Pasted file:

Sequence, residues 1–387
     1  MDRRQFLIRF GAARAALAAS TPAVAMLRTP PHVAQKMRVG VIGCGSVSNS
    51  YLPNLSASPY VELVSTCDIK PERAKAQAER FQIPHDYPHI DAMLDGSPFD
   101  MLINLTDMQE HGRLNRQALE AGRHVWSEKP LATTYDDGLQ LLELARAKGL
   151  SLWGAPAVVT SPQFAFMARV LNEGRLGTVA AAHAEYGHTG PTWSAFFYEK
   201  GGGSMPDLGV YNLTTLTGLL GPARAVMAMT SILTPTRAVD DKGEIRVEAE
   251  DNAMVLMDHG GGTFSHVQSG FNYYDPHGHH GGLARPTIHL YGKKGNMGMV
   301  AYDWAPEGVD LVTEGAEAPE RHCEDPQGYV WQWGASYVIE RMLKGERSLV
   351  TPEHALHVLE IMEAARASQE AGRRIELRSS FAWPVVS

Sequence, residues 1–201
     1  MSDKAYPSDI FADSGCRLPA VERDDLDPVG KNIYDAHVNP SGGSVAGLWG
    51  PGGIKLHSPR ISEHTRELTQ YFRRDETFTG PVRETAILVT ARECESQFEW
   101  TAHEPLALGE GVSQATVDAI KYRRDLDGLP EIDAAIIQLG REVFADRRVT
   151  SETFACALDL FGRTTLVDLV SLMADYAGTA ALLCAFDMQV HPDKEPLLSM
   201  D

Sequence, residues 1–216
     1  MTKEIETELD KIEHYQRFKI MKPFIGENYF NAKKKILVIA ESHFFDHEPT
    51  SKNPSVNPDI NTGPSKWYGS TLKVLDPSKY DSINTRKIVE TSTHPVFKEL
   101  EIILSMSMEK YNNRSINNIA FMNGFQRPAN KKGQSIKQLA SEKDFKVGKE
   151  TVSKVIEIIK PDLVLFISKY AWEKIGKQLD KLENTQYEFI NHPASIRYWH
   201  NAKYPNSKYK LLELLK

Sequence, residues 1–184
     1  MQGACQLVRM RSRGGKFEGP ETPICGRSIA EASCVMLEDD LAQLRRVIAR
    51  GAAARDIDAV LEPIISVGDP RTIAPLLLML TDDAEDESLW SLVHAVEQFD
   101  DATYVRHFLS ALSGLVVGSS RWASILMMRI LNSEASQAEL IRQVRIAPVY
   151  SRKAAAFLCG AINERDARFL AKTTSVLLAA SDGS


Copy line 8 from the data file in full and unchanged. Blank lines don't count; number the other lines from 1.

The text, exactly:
   301  AYDWAPEGVD LVTEGAEAPE RHCEDPQGYV WQWGASYVIE RMLKGERSLV